5 min read
When it comes to cycling goals, they don’t tend to come bigger than riding the Tour de France, or at least the Tour de France route. For some, it’s hard to know where to even begin your training for a race of that calibre, but Wattbiker Andrew Hayton did it all on his Wattbike Atom. We caught up with him on one of his rest days to find out exactly how he did it.
What got you into cycling?
"I used to play Sunday league football - badly - and obviously, as I got older I started to pick up lots of knocks and niggles so instead of doing a football tour one year I decided to do a cycle ride over five days. I really enjoyed it, so each year I’ve been building on my cycling and going a little bit further."
Tell us about your cycling challenges?
"A couple of years ago, after I did RideLondon, the idea of riding 100 miles in a day once a year was a big challenge. When I realised that actually, it was more than possible I started looking for my next challenge and decided that I wanted to get better at riding up hills. I remembered someone mentioning Le Loop, which used to be called Tour de Force, and they said it was really good. Le Loop is operated by the William Wates Memorial Trust, so we all ride for the charity."
Why did you pick the Wattbike to train on?
"Once I signed up to Le Loop [an organised ride that follows that year’s Tour de France route] last year, I realised that this was a little bit harder than what I had been doing, so I needed to start my training much earlier in the year and carry it on throughout the winter. I saw on social media that the Wattbike Atom was being launched so I went to try it at The Cycle Show. I was sold instantly. I'm quite an analytical person; and I liked having the watts and heartrate zones [in front of you]. It allows you to do structured workouts when you don't have time to do an outdoor ride, so you can be a lot more effective with your training. "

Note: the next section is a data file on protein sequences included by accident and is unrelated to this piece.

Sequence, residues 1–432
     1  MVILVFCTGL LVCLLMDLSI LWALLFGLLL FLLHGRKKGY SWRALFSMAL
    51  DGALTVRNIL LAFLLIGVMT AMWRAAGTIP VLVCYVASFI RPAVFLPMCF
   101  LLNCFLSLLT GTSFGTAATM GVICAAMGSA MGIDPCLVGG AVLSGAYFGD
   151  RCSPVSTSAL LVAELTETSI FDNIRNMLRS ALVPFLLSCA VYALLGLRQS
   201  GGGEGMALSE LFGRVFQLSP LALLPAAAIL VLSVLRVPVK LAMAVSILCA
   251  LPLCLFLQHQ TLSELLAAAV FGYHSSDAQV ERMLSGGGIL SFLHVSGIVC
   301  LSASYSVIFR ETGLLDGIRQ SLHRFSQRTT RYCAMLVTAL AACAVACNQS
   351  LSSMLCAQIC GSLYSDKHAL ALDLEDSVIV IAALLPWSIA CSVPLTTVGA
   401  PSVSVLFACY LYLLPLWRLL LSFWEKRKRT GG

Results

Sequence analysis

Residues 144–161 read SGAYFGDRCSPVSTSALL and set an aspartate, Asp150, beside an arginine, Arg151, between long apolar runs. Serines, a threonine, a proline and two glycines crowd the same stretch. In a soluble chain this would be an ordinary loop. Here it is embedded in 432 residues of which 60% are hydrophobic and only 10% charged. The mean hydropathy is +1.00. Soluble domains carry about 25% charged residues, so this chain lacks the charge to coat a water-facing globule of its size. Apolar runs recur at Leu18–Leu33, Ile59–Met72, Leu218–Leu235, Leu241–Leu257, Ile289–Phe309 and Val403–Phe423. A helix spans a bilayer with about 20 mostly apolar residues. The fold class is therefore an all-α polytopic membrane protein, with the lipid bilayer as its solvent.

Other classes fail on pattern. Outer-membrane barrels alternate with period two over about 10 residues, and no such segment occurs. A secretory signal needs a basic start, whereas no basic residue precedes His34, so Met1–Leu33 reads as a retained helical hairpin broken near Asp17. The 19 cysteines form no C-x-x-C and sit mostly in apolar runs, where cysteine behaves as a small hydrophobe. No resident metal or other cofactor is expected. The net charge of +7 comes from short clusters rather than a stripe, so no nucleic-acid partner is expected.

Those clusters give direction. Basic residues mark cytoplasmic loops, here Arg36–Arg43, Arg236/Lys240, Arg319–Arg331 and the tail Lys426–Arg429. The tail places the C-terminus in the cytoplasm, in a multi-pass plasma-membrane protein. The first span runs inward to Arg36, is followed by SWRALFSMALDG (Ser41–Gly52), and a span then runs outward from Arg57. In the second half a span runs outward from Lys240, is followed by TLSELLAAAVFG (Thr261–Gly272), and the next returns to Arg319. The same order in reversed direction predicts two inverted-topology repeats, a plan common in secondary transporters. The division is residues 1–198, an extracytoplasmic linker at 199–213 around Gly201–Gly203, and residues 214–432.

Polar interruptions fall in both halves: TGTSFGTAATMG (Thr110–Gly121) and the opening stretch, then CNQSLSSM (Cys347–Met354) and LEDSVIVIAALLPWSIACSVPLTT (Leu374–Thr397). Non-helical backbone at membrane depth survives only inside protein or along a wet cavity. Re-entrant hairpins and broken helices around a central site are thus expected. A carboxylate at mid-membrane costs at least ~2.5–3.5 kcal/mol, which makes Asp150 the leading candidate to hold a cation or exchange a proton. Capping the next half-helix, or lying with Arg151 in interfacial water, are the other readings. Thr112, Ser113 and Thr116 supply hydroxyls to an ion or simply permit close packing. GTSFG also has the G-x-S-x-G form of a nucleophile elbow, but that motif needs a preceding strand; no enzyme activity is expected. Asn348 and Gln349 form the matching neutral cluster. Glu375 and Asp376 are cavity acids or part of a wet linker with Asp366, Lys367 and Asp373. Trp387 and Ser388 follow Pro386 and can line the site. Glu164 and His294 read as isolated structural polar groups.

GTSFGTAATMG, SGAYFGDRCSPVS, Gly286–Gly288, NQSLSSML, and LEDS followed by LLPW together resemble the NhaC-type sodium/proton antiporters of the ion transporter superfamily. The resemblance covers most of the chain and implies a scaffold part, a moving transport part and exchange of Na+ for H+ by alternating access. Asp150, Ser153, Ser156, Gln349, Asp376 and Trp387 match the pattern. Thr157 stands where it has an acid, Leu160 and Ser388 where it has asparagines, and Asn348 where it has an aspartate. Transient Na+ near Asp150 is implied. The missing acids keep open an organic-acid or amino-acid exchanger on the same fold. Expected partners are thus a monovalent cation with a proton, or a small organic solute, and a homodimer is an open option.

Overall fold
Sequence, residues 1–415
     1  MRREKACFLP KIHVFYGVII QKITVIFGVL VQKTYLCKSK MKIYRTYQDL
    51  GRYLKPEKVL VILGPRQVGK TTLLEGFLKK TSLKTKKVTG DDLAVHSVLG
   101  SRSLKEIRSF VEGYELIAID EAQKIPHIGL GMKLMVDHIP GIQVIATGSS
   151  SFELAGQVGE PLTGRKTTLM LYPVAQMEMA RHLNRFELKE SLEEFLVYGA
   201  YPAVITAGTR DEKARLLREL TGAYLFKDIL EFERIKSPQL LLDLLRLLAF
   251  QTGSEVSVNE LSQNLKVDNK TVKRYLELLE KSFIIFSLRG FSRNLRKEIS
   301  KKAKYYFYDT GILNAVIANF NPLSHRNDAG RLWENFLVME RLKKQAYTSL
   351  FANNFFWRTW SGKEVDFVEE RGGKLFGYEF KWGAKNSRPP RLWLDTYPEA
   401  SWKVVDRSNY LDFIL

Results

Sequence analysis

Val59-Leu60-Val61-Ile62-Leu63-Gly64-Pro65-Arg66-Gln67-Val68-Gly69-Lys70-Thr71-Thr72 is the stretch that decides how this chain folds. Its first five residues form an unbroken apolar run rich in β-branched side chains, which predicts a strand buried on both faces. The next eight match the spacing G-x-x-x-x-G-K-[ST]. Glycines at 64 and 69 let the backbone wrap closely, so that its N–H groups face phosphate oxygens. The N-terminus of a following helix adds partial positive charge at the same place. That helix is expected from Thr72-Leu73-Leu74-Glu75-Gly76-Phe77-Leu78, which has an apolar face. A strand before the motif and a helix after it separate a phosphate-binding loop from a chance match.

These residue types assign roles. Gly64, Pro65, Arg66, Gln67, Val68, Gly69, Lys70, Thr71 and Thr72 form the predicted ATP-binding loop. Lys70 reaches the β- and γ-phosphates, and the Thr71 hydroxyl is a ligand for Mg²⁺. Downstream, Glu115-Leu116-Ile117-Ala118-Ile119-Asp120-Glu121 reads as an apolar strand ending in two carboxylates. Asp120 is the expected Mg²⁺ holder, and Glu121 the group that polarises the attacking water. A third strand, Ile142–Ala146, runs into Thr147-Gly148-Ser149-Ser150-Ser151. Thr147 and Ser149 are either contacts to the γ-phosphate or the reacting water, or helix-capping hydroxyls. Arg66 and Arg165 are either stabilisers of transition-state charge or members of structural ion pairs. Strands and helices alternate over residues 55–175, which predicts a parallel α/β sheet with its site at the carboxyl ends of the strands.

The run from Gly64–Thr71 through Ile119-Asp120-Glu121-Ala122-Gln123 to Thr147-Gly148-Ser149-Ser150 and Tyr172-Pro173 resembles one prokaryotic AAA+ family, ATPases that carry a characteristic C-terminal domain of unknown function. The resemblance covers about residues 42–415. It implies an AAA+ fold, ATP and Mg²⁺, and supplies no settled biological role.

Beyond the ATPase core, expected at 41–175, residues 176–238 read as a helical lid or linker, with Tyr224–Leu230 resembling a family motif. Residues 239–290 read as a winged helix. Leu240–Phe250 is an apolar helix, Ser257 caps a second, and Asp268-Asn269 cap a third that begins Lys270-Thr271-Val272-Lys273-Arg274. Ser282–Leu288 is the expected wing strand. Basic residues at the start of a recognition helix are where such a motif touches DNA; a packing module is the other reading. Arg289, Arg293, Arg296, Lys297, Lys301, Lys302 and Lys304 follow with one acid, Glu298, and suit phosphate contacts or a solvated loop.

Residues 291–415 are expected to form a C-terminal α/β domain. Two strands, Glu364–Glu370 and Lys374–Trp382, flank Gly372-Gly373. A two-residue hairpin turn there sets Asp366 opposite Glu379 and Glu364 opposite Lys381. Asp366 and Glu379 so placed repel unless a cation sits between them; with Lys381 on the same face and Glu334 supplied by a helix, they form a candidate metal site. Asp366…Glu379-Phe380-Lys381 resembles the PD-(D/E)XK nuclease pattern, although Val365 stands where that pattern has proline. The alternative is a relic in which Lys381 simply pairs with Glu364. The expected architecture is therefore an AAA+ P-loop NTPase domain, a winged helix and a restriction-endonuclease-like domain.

What apps do you use when you’re training indoors?
"Zwift is very useful if I want to do an endurance ride in the middle of winter and the weather doesn't allow me go out. I also use PerfPro studio which allows individual sessions to be programmed into it, and the Wattbike Hub for the FTP testing and hill climbs, as I can't simulate them in Lincolnshire!"
How did your Wattbike data help you with your training?
"Initially, it gave me an indication as to where I was in terms of fitness, and it was quite motivating to be able to see your average power going up. I also use a power meter on my road bike now. To have the numbers available is quite a motivating factor - you know exactly where you are and you can see yourself improving week after week."
What sort of sessions on the Atom did you use to train?
"It was a real mixture. The event is endurance based, but when I'm short of time I like to throw in some high-intensity sessions, so I'll do some V02 max sessions and threshold sessions. The Wattbike is exceptional and the shorter sessions make it time-effective."
How long have you been preparing in order to take on all the stages?
"I picked up a football injury earlier in the year, so I didn't really start preparing until January. Before then I’d been training up until November, keeping the hours going after Ride London."